Tesla’s electric vehicles have been accused of not being disruptive enough to warrant the company’s media hype.
Nowadays, tt seems like any new EV that starts development may be “the next big thing” to take Tesla down.
And yet, CEO Elon Musk is a-okay with that.
Well, he may not be happy to see his company go under, but let’s keep in mind that the point of Tesla was never to be the only name in EV’s.
In fact, Elon Musk has stated time and again that he believes Tesla is just the first example of the push toward electric vehicles.
When Tesla was in its infancy, it wasn’t the only name in EV’s — not by a long shot!
Aptera, Coda, Better Place, Wheego, and Tango were among Tesla’s original competition.
Unfortunately, Tesla is the only one of left… something the company’s CEO wants to change!
You see, when Tesla began designing its cars, the company didn’t keep its designs; the company actually shared its designs with anyone interested in them.
Simply put, Tesla wants competition, not a monopoly market share.
The reason for this is simple: one company couldn’t possibly satisfy an entire country’s car demand, let alone the demand that’s spreading all over the world.
Tesla itself has been struggling to produce the 50,000 cars it had hoped for this year. Presumably, when the Gigafactory is online in the next year or so, Tesla will be able to manage 500,000 cars per year, many of which will be the more affordable Model 3.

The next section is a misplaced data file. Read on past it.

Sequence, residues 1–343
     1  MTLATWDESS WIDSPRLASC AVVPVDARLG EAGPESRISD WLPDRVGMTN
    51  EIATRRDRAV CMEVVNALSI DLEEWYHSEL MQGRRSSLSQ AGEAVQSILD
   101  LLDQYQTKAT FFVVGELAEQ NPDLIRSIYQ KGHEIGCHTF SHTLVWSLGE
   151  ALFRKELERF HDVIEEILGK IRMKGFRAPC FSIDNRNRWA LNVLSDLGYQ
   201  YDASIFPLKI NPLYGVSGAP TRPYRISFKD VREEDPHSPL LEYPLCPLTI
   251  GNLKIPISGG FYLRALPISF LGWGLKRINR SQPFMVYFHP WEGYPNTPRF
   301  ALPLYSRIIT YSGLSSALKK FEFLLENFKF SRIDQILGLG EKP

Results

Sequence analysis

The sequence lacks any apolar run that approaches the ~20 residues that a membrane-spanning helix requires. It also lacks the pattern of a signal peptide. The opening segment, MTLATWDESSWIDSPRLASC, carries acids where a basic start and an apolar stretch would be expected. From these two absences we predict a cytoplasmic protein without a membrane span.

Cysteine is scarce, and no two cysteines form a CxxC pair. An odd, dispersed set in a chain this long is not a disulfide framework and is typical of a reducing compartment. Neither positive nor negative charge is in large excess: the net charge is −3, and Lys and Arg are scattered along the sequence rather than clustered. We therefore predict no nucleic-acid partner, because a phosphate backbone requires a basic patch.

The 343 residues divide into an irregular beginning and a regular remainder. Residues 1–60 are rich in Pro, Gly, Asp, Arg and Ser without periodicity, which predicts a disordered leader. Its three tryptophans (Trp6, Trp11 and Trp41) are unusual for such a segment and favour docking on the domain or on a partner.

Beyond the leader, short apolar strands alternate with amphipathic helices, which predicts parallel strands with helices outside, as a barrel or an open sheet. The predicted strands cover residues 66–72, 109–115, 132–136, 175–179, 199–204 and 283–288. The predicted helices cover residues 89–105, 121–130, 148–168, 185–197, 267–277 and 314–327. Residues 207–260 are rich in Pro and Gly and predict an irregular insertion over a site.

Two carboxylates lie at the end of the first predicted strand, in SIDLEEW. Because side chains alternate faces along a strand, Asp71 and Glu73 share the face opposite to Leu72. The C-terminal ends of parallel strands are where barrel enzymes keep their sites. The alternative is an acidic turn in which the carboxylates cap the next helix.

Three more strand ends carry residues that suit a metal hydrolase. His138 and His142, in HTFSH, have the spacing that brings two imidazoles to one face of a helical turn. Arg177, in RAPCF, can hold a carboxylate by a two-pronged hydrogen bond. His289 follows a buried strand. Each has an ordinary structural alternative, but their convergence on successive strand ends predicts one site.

Those 500,000 cars, if made available today, would only account for 0.625% of the global annual new car production.
If EV’s are the future, Tesla cannot be the only one making them.
And THAT is how Tesla has separated itself from the the rest of the tech sector and into the competitive world of cars. Rather than pushing for a monopoly on consumers as a tech company would, Musk wants other companies to join in on this new market to make a fully EV-driven world possible.
Tesla doesn’t shy away from competition — it invites it.
We’re talking about more than a cars here, but the entire transportation sector. To get there, however, there has to be healthy competition from dozens of burgeoning carmakers.
Granted, Tesla is still the front-runner, and still the household name in the EV market, but it always welcomes some competition.
Trust me, there’s plenty of room for everyone.
To continue reading…
Until next time,
A true insider in the technology and energy markets, Keith’s research has helped everyday investors capitalize from the rapid adoption of new technology trends and energy transitions. Keith connects with hundreds of thousands of readers as the Managing Editor of Energy & Capital, as well as the investment director of Angel Publishing’s Energy Investor and Technology and Opportunity.
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